Exploring artists’ creative use of text in the visual arts

For more of Nancy Kranzberg’s commentary, listen to KWMU (90.7) St. Louis on the Air the first Friday of each month at approximately 12:50 p.m. She also hosts a weekly Arts Interview podcast for KDHX (88.1), available at artsinterview.kdhxtra.org.

BY NANCY KRANZBERG, Special to the Jewish Light

When viewing St. Louisans Alison and John Ferring’s fabulous contemporary art collection, I noticed that many of the works contained text. There were works by Suzanne McClelland, Kara Walker, Jenny Holzer and many other well-known artists who frequently incorporate text in their art.

I asked Alison Ferring to comment on text in art. She said, “Now more than ever we are barraged with text in our lives. Spam, email, texting, sexting, tweeting. Words are ricocheting at dizzying speed. Books are fast becoming nostalgic reminders of a bygone materiality. Yet text does determine materiality. It seems more and more contemporary artists are using text and books as a type of anchor of materiality.”

The cubists were the first to use text in modern art, but the text was used mostly as mere decoration. German artist Kurt Schwitters saw text as material to shape, nurture and blossom. He influenced sound exploration, poetry, music and design. Avant garde composer cum visual artist John Cage took it from there.

Our own Jessica Baran, ekphrastic poet has had her poetry published in Art in America and many other prestigious magazines and has published several books of poetry. She describes ekphrastic poetry as the tradition of putting art into words, not through mere description, but through another kind of written project with its own discreet identity. A good example is when a film is made of an artwork, or an artwork is based on a poem.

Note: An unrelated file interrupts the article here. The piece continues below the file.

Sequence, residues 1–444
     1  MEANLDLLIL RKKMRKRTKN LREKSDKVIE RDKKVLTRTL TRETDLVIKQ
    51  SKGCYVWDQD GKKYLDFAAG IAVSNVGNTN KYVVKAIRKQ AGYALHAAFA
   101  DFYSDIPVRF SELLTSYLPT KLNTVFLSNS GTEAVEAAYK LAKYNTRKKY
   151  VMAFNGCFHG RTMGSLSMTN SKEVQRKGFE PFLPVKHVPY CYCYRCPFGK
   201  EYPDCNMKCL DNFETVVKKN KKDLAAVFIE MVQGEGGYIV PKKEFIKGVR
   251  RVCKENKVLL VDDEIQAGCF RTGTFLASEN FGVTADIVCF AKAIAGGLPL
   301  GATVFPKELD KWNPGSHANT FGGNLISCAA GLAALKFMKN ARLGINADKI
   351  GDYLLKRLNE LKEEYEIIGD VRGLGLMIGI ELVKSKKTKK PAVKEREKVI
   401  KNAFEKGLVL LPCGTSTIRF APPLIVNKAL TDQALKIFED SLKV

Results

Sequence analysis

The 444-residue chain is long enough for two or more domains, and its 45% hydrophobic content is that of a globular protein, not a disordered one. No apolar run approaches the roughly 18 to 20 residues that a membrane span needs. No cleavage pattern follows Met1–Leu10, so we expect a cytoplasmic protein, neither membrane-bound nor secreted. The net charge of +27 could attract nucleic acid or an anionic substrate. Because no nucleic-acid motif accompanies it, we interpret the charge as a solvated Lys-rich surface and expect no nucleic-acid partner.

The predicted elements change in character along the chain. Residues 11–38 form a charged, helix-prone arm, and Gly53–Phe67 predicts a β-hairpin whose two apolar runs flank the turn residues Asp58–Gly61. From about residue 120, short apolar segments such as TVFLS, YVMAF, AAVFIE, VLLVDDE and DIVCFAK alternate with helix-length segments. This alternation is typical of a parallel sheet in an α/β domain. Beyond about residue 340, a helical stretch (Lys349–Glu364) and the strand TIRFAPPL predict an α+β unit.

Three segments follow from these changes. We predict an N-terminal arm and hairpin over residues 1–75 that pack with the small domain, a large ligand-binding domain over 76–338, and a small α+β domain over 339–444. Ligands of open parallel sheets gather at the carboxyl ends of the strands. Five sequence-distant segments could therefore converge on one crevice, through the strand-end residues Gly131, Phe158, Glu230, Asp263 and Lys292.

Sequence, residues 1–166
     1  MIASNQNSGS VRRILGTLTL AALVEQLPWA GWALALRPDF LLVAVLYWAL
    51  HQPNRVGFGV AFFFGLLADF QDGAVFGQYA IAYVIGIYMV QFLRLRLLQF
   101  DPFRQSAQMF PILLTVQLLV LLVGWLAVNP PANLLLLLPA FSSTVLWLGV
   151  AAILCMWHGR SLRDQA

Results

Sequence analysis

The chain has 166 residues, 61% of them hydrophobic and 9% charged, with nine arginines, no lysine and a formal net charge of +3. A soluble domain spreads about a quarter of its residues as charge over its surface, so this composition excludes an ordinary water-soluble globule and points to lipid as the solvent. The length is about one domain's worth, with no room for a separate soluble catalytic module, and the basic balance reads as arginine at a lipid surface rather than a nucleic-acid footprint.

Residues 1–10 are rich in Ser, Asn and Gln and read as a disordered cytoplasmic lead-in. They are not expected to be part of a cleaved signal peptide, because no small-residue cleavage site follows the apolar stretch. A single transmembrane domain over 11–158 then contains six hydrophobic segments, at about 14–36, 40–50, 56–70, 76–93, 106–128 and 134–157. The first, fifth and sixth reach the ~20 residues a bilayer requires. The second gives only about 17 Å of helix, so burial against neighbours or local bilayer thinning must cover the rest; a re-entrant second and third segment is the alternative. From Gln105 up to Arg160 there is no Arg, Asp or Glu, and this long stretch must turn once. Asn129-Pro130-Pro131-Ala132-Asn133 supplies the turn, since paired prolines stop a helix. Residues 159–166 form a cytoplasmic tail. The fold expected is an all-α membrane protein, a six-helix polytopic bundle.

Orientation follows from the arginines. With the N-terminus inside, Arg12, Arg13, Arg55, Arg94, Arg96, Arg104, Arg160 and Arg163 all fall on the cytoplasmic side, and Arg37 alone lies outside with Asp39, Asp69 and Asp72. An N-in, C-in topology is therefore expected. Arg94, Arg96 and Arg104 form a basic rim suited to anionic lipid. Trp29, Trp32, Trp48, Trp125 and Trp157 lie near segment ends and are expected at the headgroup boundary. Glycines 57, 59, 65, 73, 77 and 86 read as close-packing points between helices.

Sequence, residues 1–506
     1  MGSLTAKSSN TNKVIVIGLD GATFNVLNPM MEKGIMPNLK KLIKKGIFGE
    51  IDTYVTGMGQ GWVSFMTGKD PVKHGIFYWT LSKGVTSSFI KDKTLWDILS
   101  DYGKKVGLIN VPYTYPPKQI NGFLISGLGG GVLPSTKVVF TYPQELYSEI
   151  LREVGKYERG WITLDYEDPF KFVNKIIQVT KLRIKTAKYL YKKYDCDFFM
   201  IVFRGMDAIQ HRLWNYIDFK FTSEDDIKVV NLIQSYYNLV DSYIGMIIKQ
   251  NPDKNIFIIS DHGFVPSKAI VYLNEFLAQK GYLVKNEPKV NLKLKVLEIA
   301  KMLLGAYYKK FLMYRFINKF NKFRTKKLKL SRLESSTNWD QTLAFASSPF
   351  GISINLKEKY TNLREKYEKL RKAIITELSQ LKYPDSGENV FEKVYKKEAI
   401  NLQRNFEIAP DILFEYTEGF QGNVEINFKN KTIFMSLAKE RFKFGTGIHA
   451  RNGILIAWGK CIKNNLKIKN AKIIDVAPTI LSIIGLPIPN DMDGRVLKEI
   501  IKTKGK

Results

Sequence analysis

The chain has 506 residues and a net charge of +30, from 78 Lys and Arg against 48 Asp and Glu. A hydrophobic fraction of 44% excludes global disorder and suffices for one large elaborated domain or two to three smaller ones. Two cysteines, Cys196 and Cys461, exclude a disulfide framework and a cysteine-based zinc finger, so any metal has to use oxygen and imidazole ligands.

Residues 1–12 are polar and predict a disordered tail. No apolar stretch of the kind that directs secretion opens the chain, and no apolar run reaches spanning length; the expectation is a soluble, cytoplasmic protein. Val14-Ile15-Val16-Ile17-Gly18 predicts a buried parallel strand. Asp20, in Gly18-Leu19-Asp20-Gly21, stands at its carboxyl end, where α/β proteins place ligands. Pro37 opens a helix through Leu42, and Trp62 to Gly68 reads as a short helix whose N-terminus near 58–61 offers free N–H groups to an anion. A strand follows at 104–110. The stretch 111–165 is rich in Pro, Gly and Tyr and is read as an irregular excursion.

ADVERTISEMENT
Aish event ad

When I asked Baran to comment on text in art she said, “Visual art is visual — you have to remember and respect putting art into words. The differences between what we see and what we say may not readily seem apparent, as we tend privilege verbal translations of the visual world as our primary mode of communicating. You see a painting you like, and you describe it to your friends in words.”

The Contemporary Art Museum St. Louis has exhibited the works of Sean Landers where text actually became the pictures and the St. Louis Art Museum has works by Kara Walker, Jim Dine, Faith Ringgold and dozens more and had a special exhibition featuring the works of William Kentridge.  All use text as a major part of their works.

The Bruno David Gallery has featured the textual works of Bunny Burson in a show entitled, “Hidden in Plain Sight,” which talked about letters written by her mother during the years of the Holocaust. Buzz Spector, professor of art at  Washington University, has also had many showings of his very verbal works at the gallery.

In the 2014 season of Opera Theatre, a newly commissioned opera by Ricky Ian Gordon, “27,” about Gertrude Stein and Alice B. Toklas, investigated the intersection of art, text and music. Stein did many artists portraits using words as her medium — these word portraits attempted to capture the essence of the artist.

 The lines of the different art disciplines are once again not so clear, but what difference if the end result gets the artists’ message across?